Web 2.0 Ten Years On

A decade later, we can confirm the far-reaching nature of the radical changes provoked by this phenomenon, which has two sides that merit reflection.

A crowd demonstrates in Cairo, 1951.

A crowd demonstrates in Cairo, 1951. Source: Wikimedia Commons.

In 2004, the O’Reilly Media Group organised a conference in which the term ‘Web 2.0’ became a popular buzzword to refer to a new Internet model that revolved around the relational dimension. A decade later, we can confirm the far-reaching nature of the radical changes provoked by this phenomenon, which has two sides that merit reflection.

Web 2.0: 2004-2014

It is widely accepted that the ‘Web 2.0’ concept was coined at a conference organised by the O’Reilly Media group in October 2004. Although other authors had already used the term previously, the amplification of this new stage was very closely bound up with this conference at which survivors of the dotcom collapse in the late nineties, summoned by an elite of cyber-ideologues, announced the emergence of an innovative relational model that placed users at the centre but also transformed them into a source of almost inexhaustible ‘raw material’ for the digital universe.

This development marked the start of the great call for the participation of (digital) citizens, who were offered a series of tools that enabled information-sharing, interoperability, and ongoing participation in content creation, as described in the corresponding entry in Wikipedia, which is one of the triumphant projects of the new ecosystem that started to take shape a decade ago.

In spite of the objections of the creator of the World Wide Web, Tim Berners-Lee, who described the term ‘Web 2.0’ as ‘a piece of jargon’, the advent of collaborative digital technologies has favoured a series of transformations that were unimaginable in the late twentieth century. Social networks, wikis, blogs, mashups and folksonomies are the result of cumulative changes in the way software developers and end users make use of the web, and they have allowed a flourishing of social and cultural promises with maximalist objectives at the local and global levels. The most far-reaching include providing access to all the knowledge accumulated by humankind throughout the centuries, and working towards a truly democratic culture in which social media play and will continue to play a decisive role.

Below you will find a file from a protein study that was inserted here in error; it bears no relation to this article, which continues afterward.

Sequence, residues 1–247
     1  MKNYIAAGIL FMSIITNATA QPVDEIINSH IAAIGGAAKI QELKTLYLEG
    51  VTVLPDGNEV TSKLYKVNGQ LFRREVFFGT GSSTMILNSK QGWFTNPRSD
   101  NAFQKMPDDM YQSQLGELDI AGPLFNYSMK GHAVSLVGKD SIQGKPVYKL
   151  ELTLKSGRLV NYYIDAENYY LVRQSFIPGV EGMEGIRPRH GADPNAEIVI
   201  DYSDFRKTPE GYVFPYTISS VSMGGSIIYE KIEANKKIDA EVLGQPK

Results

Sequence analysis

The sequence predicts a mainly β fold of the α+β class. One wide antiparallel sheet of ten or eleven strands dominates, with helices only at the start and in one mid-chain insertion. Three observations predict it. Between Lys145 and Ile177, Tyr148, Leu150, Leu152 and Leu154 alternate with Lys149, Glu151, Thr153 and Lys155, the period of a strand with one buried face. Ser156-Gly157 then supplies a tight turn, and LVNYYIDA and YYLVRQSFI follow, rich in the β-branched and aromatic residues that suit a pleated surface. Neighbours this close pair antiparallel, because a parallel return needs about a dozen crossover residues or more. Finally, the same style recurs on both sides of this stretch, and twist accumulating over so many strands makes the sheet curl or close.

Ten years after its birth – a decade that has led us into a jungle of jargon and idiolects pertaining to the Internet and the technologies derived from it – the phenomenon that we know as Web 2.0 can be considered from a more critical and complex vantage point. We can see it as a two-sided phenomenon that we must continue to reflect on, in spite of the fact that the fast pace of technological development can quickly make any theory or critique obsolete, even when they are not based on fears or preferences but simply try to return to the question of ‘meaning’. This article attempts to take stock of the positive and negative aspects of the 2.0 phenomenon. Side A of the social web is a defense of the evolutionary leap it has entailed. Side B negates and challenges its accomplishments and casts a cone of shadow over the future of the Net.

Side A: The Common Good

  • The social web promotes access to culture and offers a more egalitarian way of conceiving, producing, sharing, and distributing information and knowledge.
  • It is based on distributed network models, which, unlike centralised and decentralised networks, allow each node to potentially connect to all other nodes in a network.
  • Web 2.0 is a vindication of collective intelligence; it favours a powerful reactivation of community practices, and promotes a reformulation of communal assets and spaces.
  • The social web enables the spread of the critique of current economic and political models and thus boosts citizens’ participatory capacity.